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L.A. City Council OKs $1 Million for Hazmat Gear

Security: Funds will pay for biohazard suits and other equipment, as well as bomb-detecting dogs, to better prepare for a terrorist attack.

November 07, 2001|PATRICK McGREEVY | TIMES STAFF WRITER

To boost the city's readiness to combat terrorism, the Los Angeles City Council agreed Tuesday to spend $1 million to purchase biohazard suits and masks and acquire four bomb-detecting dogs.

The council also asked the city's top administrator to prepare a report on ways to fund the additional personnel--four police officers and three detectives--needed to form two more LAPD hazardous-materials and bomb-detection teams, and hire handlers for the dogs. Staffers are also studying the creation of a Fire Department hazmat team for the harbor area.

In addition, city officials were directed to talk with county health workers to determine whether city parks should be designated as sites for the mass distribution of medicine if bioterrorism hits Los Angeles.

These measures had been recommended by the Threat Preparedness Task Force, which was created after the Sept. 11 attacks on the World Trade Center and Pentagon to deal with possible threats to the city.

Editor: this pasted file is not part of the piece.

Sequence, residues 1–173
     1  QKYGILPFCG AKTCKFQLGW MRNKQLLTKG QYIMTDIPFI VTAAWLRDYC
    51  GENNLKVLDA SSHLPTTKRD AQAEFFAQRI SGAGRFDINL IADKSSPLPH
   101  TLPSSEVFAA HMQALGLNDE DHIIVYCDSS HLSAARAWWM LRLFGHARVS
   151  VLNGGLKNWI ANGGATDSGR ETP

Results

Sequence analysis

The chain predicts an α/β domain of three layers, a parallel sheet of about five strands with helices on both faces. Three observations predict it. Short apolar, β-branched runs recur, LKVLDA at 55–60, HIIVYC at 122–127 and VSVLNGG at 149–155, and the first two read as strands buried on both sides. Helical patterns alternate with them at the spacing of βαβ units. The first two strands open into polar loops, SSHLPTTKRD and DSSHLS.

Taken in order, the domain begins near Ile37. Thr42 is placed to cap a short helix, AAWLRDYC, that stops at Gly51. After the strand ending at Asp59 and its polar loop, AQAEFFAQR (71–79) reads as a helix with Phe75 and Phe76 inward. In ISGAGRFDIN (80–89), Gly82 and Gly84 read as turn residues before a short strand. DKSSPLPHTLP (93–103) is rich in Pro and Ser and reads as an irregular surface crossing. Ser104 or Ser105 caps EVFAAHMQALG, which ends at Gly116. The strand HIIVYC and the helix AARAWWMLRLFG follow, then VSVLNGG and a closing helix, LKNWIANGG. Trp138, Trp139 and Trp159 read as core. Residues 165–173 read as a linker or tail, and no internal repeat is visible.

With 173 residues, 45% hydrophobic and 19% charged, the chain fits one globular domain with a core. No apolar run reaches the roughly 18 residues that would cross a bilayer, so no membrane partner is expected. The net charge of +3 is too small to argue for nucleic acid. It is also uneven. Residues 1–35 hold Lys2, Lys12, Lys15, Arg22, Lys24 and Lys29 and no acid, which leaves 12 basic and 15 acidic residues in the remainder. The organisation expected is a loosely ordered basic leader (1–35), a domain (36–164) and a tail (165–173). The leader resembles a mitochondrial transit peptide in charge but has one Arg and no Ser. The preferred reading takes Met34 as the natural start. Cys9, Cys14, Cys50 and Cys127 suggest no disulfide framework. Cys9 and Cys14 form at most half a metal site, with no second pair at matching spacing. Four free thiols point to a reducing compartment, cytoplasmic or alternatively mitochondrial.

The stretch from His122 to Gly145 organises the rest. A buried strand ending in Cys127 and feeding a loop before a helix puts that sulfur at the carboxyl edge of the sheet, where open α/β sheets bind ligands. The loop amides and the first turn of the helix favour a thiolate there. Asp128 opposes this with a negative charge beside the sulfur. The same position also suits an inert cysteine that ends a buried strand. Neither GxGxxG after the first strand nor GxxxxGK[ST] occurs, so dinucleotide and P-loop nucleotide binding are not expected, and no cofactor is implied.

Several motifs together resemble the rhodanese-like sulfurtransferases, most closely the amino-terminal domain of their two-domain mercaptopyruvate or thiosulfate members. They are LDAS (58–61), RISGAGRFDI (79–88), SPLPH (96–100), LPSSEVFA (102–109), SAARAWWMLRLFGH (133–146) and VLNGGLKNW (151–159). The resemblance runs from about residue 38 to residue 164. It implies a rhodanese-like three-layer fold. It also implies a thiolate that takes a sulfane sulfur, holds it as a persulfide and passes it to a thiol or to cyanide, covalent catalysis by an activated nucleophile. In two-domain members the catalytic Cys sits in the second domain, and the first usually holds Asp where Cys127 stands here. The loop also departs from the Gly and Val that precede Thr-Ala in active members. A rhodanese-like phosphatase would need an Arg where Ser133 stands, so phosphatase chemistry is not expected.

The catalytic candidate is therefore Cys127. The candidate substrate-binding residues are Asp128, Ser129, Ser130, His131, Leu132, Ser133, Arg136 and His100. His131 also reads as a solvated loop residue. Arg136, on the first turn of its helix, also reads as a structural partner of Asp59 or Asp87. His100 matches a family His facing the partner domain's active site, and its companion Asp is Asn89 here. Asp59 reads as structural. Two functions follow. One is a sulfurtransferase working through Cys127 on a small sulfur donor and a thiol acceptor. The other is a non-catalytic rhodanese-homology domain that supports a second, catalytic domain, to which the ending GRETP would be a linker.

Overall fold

"The reality is that Los Angeles police and fire officers are on the front lines in our nation's war against terrorism--and I want to give them the tools they need to do their jobs," said Councilman Jack Weiss, who wrote the legislation creating the task force.

Since anthrax contamination cases were first reported on the East Coast last month, the Los Angeles Police Department's six-person hazardous-materials investigation team has been swamped with 270 calls, all of which were false alarms, Police Cmdr. Mark Leap told the council.

The council approved $351,000 for 516 biohazard suits and other equipment for use by existing and future hazmat teams.

Because police patrol officers and firefighters are usually the first to respond to calls, the council also authorized the purchase of 3,000 masks that provide temporary protection against biological and chemical hazards.

Leap said the masks are "critically needed" for those first on the scene.

"If they find themselves at a bioterrorist incident, they will be able to get out of the hot zone without infecting themselves or debilitating themselves," Leap said.

Meanwhile, Weiss introduced a motion Tuesday asking for $2.3 million to expand the Fire Department's urban search-and-rescue unit by 12 people and hire 10 more security officers for city communications facilities.

He also sought another $140,000 to buy four vehicles needed by the LAPD's hazardous materials/environmental crimes unit.

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